The board chose not to include the paving project in its recommendations to the Spokane City Council. But lawmakers unanimously added it back on the list in November of last year, and bidding went out for the project this summer. Red Diamond Construction, one of the firms working on the lane-reduction project on North Monroe Street, submitted the low bid for the paving work this month, at an anticipated cost of $184,578. The council is scheduled to consider the contract at its afternoon meeting Monday, when no public testimony will be taken.

Marlene Feist, strategic development director for the city’s public works division, said the city has added to the money available for residential street projects. As part of a shifting of the city’s reserve funds approved by the City Council earlier this summer, an additional $2 million was added to neighborhood street projects in the budgets for this year and the next.

That’s in addition to the road maintenance work that already has been funded by the car tab fees, which has totaled about $12 million to date. The city sets aside 10 percent of that fund for sidewalk work.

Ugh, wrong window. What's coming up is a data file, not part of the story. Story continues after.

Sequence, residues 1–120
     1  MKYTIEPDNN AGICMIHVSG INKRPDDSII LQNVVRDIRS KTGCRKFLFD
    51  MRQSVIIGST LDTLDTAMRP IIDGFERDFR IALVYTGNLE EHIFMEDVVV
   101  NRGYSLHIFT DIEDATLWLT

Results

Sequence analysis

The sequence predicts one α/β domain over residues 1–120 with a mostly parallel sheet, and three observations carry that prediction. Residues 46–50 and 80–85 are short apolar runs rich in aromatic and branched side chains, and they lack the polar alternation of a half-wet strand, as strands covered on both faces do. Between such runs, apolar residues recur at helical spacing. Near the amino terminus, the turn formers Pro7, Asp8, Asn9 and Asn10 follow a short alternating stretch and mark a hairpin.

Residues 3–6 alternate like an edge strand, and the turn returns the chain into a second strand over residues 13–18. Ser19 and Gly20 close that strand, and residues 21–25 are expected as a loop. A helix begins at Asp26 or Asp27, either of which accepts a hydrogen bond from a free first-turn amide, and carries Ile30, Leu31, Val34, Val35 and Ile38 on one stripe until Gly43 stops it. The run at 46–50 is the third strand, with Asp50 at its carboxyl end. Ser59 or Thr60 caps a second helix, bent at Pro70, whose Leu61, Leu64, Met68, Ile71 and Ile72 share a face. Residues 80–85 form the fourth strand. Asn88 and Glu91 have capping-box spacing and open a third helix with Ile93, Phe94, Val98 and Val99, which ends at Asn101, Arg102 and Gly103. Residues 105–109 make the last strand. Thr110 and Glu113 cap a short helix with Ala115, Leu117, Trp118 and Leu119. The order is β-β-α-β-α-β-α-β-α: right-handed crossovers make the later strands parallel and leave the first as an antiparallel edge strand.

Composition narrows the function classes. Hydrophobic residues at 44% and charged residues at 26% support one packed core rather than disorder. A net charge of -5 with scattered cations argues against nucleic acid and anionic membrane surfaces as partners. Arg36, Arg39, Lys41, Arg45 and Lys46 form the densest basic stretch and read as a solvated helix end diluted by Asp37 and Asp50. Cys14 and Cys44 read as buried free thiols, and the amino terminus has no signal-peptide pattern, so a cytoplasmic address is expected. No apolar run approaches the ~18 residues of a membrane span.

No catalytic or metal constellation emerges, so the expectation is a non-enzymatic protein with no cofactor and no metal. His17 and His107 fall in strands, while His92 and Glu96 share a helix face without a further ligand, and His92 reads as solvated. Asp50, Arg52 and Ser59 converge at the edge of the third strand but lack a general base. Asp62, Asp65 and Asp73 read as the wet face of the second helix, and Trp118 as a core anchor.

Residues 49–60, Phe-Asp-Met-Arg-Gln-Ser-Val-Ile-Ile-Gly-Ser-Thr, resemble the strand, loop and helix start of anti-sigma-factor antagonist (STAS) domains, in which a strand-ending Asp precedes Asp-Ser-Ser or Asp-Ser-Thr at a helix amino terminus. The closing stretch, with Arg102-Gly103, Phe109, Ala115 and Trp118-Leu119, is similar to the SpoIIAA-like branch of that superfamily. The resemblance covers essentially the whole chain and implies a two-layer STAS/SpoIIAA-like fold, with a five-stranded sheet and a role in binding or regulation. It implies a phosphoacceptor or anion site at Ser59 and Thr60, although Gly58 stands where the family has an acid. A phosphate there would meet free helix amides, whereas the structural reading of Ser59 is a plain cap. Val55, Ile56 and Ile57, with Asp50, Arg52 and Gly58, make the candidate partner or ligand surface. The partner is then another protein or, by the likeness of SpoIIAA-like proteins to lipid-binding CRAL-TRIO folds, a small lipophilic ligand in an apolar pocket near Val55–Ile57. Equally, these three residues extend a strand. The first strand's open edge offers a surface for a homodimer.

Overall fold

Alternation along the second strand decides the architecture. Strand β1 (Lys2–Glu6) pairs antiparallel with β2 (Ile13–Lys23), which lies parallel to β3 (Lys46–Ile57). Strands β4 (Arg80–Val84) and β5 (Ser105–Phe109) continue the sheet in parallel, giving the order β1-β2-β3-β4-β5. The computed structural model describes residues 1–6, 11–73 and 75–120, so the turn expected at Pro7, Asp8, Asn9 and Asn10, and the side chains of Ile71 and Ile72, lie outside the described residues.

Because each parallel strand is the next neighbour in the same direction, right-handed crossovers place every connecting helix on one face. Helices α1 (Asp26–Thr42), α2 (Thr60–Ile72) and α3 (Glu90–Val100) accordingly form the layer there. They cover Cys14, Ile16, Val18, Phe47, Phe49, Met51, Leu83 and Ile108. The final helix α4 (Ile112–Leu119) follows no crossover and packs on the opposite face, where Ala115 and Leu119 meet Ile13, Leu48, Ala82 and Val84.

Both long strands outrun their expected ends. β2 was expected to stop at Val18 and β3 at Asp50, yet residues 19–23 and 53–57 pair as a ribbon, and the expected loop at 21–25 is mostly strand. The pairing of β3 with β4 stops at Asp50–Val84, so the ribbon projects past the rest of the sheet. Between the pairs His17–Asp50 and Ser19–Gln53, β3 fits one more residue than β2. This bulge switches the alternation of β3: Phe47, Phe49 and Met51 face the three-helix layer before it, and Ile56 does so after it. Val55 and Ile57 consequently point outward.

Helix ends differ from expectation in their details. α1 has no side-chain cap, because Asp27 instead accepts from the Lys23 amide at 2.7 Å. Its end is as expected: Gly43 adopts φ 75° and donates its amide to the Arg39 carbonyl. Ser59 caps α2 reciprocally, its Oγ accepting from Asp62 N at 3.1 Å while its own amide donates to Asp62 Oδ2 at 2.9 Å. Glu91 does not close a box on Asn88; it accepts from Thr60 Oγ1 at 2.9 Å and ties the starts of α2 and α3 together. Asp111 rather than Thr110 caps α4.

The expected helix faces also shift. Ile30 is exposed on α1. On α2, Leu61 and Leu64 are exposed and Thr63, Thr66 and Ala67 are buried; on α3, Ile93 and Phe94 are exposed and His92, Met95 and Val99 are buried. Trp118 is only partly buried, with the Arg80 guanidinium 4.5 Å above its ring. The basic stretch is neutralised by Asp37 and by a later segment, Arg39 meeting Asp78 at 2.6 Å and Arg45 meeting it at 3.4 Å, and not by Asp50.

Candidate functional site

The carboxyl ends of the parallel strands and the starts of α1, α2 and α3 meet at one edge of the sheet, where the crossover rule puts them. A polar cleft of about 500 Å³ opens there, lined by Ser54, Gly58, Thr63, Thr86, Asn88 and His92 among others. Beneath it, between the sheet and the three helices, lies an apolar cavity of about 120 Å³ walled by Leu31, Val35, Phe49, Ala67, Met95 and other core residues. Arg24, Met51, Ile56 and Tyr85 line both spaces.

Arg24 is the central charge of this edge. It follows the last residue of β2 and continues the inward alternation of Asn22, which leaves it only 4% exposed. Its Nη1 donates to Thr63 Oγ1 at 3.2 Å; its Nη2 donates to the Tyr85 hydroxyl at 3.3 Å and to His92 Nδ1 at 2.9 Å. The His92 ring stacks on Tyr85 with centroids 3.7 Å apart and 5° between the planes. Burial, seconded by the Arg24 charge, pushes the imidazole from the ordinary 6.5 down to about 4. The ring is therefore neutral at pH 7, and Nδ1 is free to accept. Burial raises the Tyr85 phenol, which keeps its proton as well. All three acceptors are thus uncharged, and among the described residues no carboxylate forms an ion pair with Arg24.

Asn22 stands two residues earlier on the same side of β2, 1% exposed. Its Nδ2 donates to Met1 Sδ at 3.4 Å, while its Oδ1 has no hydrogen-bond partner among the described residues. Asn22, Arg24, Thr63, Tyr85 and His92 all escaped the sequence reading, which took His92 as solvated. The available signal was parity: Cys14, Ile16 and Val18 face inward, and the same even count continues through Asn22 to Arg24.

“Maybe we target some of those dollars to tick away at those unpaved streets questions,” Feist said. But the amount available won’t be enough to pave all the streets that remain dirt roads within six years, she warned.

“How we decide, that’s another question,” she said.

Nenno, Swan and their neighbors are preparing for the three weeks of construction that will close vehicle access to their homes during daytime hours. It’s taken several years to get the city to pay attention to the neighborhood’s plight, they said, but they credit officials for listening.

“It’s still a city that’s responsive,” Nenno said. “You just have to be persistent.”